Here’s a post that I originally published on my work blog, but I thought the readers here would benefit from it too. It’s a simple model for thinking about your career growth. With things like a “jobless economic recovery,” careers ending, and a “skills-for-hire” economy, it’s even more important to focus on growth while managing your career. At the end of the day, YOU play the most important role in your career growth – own it.
This past year reminded me of a very valuable lessons – follow the growth. This means follow your own growth and growth in the marketplace. When there’s no growth, make some.
Career Development, Professional Development, and Personal Development
Steve Elston, our print and web publications manager on our patterns & practices team, shared this simple frame with our team for differentiating and thinking about development paths:
- Career Development – Become a stronger leader.
- Professional Development – Become a better craftsmen.
- Personal Development – Become a more capable person.
I think an effective way to think of this is …
“Are you the person, the professional, the manager, or the executive you want to be?”
Make Yourself Bigger
In terms of personal development, I think “become a more *capable* person” is a great distinction over something like “become a better person.” Rather than question self-worth or value, you put the focus on improving your effectiveness and capabilities. It reminds me of a quote …
“You don’t overcome challenges by making them smaller but by making yourself bigger.” — John Maxwell
Career Growth, Professional Growth, and Personal Growth
Steve shared some quick ways to think about who you can leverage for your growth and what sort of awareness you need for effective growth:
|Category||Requires Awareness Of||Who Helps|
As you can see from the table, the key to career growth is awareness of the business, the key to professional growth is awareness of organizational trends, and the key to personal growth is self-awareness.
What, Who, and How
Steve also shared a sample way to think about contributing factors to overall job satisfaction.
- What You Do – The industry, the company, the organization, the manager, and the job.
- Who You Do It With – Co-workers, partners, customers, and mentors.
- How You Do It – Technology, process, philosophy, organization culture.
Steve provides some cutting questions for thinking through these concerns:
- What matters most to you?
- Who has the power to improve the situation?
- How can you influence your job satisfaction?
Knowledge, Attitude, Skills and Habits (KASH model)
Steve shared the KASH box model with our team:
- Knowledge – what you know.
- Attitude – your attitudes, along with your underlying values and beliefs.
- Skills – your capabilities.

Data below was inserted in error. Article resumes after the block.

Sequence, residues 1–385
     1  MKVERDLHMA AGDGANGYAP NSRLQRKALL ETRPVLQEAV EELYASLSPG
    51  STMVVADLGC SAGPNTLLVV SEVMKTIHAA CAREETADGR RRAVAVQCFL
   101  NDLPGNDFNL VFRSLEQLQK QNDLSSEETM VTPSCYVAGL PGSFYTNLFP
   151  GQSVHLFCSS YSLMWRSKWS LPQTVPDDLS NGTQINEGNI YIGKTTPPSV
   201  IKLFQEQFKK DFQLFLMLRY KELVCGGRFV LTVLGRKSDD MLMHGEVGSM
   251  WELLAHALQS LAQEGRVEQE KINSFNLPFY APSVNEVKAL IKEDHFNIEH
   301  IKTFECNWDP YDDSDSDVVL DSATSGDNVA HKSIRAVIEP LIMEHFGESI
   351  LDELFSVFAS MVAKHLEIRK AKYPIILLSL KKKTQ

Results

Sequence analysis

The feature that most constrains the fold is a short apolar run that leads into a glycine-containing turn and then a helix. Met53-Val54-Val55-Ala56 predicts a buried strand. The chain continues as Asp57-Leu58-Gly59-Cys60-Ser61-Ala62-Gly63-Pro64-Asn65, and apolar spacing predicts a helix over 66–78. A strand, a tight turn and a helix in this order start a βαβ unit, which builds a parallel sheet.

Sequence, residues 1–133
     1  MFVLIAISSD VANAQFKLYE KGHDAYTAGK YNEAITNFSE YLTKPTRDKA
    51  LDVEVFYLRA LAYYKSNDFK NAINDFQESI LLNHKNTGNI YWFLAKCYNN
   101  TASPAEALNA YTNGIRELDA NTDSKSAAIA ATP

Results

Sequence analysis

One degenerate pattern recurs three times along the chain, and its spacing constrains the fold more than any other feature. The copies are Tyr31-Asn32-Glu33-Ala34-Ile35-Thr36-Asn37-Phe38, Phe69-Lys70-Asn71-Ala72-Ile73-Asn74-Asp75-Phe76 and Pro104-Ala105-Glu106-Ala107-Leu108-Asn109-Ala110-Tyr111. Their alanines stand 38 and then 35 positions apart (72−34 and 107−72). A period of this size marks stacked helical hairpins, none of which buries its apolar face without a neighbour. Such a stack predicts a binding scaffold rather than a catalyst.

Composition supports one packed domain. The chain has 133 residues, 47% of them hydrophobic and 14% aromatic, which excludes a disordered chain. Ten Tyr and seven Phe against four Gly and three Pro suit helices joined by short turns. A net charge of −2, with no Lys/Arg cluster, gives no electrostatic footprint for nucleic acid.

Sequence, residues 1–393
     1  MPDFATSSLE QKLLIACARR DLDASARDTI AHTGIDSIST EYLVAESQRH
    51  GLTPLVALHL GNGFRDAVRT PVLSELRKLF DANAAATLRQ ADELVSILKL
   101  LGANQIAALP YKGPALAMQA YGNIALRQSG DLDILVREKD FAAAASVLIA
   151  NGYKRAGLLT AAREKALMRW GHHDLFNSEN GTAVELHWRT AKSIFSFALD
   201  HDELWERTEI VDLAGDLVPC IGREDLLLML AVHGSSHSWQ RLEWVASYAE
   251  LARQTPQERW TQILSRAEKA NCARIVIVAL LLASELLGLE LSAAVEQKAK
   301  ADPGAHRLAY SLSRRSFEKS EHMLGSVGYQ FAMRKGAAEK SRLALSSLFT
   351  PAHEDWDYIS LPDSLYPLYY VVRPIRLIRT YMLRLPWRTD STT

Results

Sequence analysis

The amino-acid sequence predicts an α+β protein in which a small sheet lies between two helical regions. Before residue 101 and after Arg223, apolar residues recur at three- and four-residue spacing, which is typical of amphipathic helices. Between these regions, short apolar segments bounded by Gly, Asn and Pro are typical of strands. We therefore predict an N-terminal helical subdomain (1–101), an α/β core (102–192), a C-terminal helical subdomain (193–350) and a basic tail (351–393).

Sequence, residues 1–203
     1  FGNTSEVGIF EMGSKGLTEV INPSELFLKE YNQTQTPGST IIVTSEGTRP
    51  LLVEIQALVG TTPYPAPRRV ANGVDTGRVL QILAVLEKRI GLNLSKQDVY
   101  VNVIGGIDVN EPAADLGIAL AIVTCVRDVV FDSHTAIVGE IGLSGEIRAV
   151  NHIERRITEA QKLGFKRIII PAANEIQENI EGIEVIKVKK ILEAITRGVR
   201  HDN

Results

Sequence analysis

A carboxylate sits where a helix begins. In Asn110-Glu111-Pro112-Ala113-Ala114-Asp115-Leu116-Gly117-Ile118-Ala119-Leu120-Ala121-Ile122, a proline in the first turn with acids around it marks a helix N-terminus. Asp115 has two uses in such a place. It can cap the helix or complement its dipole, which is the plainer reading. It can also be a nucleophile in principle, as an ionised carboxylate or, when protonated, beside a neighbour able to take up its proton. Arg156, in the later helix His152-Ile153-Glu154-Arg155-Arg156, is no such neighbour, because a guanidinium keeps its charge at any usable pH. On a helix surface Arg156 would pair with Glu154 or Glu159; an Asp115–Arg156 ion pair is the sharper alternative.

- Habits – what you actually do.
The KASH box is a performance coaching tool and it’s a simple way to look at the gap between knowing and doing and the “transfer of training” problem. People know what to do, but they don’t do it, or don’t want to. A lot of people are hired for “skills” and “knowledge,” but fired for “attitude” and “habits.” In other words, it’s easy to focus on knowledge and skills but often it is people’s attitudes and habits that limit them.
Interestingly, if you know what to do, but you’re not doing what you know, it’s one of the simplest and most effective ways to unleash your growth. Just start testing your results.
Mentors are the Short-Cuts
The right mentors can help you avoid the chutes and climb the ladders more effectively. John deVadoss, our patterns & practices team Product Unit Manager, shared his key tips on how to effectively leverage mentors:
- Know what you want and what you want from the relationship.
- Be proactive – you need to drive the meetings and ask the right questions.
- Keep an open mind regarding who this person might be.
- Think about people who have been your mentors in the past.
- You can have more than one mentor.
This reflects a lot of my own experience. One of my most important lessons learned is that mentors really are the short-cuts. If you find somebody who’s “been there” and “done that,” it’s like having a tour guide. Their maps from experience can save you a lot of wasted time and help you avoid obstacles, as well as find shorter paths to your destinations.
A mentor can also be great for helping you find your blind spots as well as giving your more objective feedback on your attitudes and habits that might be limiting you. This means finding mentors that are committed to your success and you trust their feedback and perspective. Usually a good place to look is in your past. You can draw from people that have helped you before.
I make it a habit to use a sounding board of multiple mentors for growth in different areas. I have a few vital mentors for ongoing growth, and then I supplement with mentors for specific things I need to learn.
I also give back and I mentor others to help them optimize their growth and get results. A lot of times, life is like Chutes and Ladders. You can climb up ladders only to slide back down.
Who’s Job Do You Want?
One of my mentors uses the question, “Who’s job do you want?” as a great forcing function:
- Do you know what you want?
- Is there a proven path?
- What experiences and skills do you need to get there?
The other beauty of this is it gives your managers and support network a good mental model for your career path, starting with the end in mind.
Putting It All Together
Steve outlined a simple roadmap for putting it all together:
- Know what you want.
- Get a mentor.
- Build your plan.
- Ask for support.
Every day, is the perfect day, to become more of the person, professional, manager or executive you want to be. Enjoy the process and remind yourself it’s the journey and the destination, and remember to periodically check that the ladder you’re climbing is up against the right wall.
Photo by Photos8.com.